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WVU football: Joseph emerges as bona fide star

MORGANTOWN, W.Va. -- As Karl Joseph has gradually - though dramatically - changed from the youngest player on West Virginia's defense to the best, we've been looking for an answer.

How has a freshman found a way to stack tackles and lead the team with 88? How he is holding up while playing almost every snap of every game?

How is it that he's gone from a virtual land mine who would blow people up when they came into his area to a missile that targets people with speed, destructiveness and occasional erraticism?

The answer was right in front of us and right behind Joseph's back. It's on the hooded sweatshirt he wears from his days as a high school wrestler.

Yes, the quiet kid from Florida's Edgewater High School, who's made a line of loud plays by corralling and slamming opponents this month, has a wrestling background.

"When football season was over, I wanted to try something different," Joseph said. "I had a couple good friends on the team who told me to come out, so I went out there and I was pretty good at it."

On the back of the sweatshirt is his last name, hand-written in marker across the shoulders. At the base of the back is a motto by which Joseph lives: "No fear."

"You can't have any fear, whether you're on the wrestling mat or on the football field," he said. "You can't fear anybody. You can't fear anything."

But what if you did? What would happen to a wrestler who was intimidated by an opponent? What chance does a defensive back stand if he's scared to sacrifice his body?

What if Joseph was just a little scared?

"I've never had that feeling," he said.

You tend to believe that, not because he chased that bright, familiar smile from his face like he might chase a quarterback to the sideline, but because tales from his teammates reinforce it.

"He a freshman, but he doesn't play like a freshman and he doesn't act like a freshman," junior safety Darwin Cook said. "He came in the spring with the mentality he was the best. You've got to come in with that mentality, but he's proving it."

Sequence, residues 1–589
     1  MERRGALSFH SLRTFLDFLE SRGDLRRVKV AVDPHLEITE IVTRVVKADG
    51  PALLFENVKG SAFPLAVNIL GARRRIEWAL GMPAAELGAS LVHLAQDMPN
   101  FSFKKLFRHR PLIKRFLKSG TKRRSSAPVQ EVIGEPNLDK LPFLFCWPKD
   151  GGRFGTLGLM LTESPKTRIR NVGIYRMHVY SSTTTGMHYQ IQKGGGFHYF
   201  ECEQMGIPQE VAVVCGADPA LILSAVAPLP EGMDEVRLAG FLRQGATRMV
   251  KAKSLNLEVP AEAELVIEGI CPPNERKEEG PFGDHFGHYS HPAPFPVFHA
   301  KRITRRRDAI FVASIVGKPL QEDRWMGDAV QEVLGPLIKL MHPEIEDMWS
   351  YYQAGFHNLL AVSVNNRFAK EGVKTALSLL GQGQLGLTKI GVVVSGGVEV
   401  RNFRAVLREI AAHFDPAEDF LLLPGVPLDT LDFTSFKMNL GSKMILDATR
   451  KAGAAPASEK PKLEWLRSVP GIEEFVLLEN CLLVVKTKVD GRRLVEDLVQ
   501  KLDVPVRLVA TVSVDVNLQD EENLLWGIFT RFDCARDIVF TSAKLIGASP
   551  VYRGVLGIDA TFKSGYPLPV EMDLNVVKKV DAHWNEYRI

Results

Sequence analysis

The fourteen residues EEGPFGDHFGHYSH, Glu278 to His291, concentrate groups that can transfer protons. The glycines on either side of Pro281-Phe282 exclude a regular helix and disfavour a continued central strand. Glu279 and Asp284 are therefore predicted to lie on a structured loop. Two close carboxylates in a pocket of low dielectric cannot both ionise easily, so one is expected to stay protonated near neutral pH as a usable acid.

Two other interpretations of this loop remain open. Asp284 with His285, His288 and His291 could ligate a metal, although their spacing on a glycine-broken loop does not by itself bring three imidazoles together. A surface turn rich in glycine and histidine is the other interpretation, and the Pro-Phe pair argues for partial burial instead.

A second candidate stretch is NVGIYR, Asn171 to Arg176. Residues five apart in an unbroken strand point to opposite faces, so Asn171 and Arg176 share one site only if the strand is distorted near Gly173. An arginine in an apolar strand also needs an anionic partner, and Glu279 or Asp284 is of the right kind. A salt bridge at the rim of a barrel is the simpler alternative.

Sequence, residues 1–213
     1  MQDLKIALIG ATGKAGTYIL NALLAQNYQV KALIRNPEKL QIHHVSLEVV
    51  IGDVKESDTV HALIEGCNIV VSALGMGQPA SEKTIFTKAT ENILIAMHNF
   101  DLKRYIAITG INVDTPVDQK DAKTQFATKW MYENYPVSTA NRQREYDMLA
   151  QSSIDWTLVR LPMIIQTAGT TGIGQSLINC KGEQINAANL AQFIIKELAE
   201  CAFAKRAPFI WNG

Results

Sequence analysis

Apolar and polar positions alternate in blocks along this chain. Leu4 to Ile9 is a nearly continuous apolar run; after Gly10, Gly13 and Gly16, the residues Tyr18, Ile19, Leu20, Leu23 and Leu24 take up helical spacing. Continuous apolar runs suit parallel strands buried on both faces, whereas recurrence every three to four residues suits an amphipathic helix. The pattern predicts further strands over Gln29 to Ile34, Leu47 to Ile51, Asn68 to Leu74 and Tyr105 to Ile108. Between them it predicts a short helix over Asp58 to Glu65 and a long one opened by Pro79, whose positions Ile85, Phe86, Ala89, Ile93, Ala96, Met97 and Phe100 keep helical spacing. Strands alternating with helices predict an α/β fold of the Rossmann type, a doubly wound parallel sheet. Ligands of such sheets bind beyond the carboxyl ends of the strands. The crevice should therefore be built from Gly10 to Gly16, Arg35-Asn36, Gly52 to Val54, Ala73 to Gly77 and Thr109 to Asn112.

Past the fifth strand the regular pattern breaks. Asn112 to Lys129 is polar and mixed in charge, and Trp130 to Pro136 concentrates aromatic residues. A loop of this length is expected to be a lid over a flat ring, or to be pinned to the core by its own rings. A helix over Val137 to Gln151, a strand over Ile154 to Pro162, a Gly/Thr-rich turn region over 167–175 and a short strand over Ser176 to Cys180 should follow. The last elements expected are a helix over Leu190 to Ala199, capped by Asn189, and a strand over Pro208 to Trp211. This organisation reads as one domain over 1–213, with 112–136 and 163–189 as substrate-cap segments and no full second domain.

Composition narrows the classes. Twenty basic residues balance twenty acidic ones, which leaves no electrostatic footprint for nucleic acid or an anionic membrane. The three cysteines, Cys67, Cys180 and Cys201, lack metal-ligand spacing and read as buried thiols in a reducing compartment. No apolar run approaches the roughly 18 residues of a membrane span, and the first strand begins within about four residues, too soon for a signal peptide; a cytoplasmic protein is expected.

The Mountaineers believe Joseph is the best freshman defender in the Big 12 and will beat out TCU's Devonte Fields for the award. Fields is a pass-rushing defensive end who leads the league in tackles for a loss and sacks, but who also has one sack and three tackles for a loss the past four games.

Joseph is peaking now, tackling running backs and receivers in the offensive backfield and defensive backfield, blitzing quarterbacks and breaking up passes. He's doing it at a position that rewards experience and challenges youth.

"What he does is stuff juniors and seniors will do," said senior linebacker Terence Garvin, who was a safety the previous three years. "He can read keys. He knows now to study film. He just really knows how to play football like an older person with experience. It's impressive."

Joseph arrived at WVU in January and started working out in the weight room with older players. There were other freshmen he could have hung around, but he went big.

When spring football came, he got to know linebacker Josh Francis in a rather unique way.

"Francis will wrestle anybody," Garvin said of the 6-foot, 1-inch, 220-pound Francis, who was toughened by growing up in Damascus, Md., and then playing junior college football for two years at Lackawanna College in Scranton, Pa. "He's a big, bad guy around here and if you wrestle Francis, you're most likely going to lose.

"Karl ended up winning, so people were like, 'Hold on, who's that?' "

Not everyone knew, so Joseph took it upon himself to make sure they knew his name and understood he wasn't scared of anything - except snakes, and he wouldn't dare tell anyone that.

During one spring practice, just as he was beginning to get his hands on some playing time, Joseph was with the defense that was going against an offense handing off to running back Shawne Alston.

Alston slipped through a gap before running into a pile of offensive and defensive players.

"I came to a stop," Alston said. "Karl kept going. He blew me up a little bit."

Alston knew better than to ever let up again.

"After that," he said, "I started running angry all the time."

Rock a 6-foot, 230-pound body like Alston a little bit and you can roll through a lot of other players. Joseph has done that from the beginning of the season all the way through this past game, though a toll has been taken on the still young 5-10, 195-pounder.

"During practices in the middle of the year, you could see him hit that wall and his body getting worn down," defensive coordinator and safeties coach Joe DeForest said. "When a guy like him hits as hard as he does when he hits other people, it hurts your body, too. Don't let anybody fool you. The opponent is not the only one getting punished."

True to form, though, Joseph hit the wall and exploded through it.

He had only four tackles against Oklahoma State. He followed with 10 against Oklahoma and a career-high 13 tackles, 12 on his own, last week against Iowa State.

After having no double-digit tackle games the first nine games, he'll go for three in a row Saturday at Mountaineer Field. WVU (6-5, 3-5 Big 12) plays Kansas (1-10, 0-9) at 2:30 p.m. (ROOT Sports).

DeForest said Joseph has played 98 percent of the defensive snaps this season and there are no discussions about changing that.

"You wind him up, send him out there and say, 'Go hit the guy with the ball. He's got it. Knock him down,' " DeForest said.

Contact sportswriter Mike Casazza at mikec@dailymail.com or 304-319-1142. His blog is at blogs.dailymail.com/wvu.


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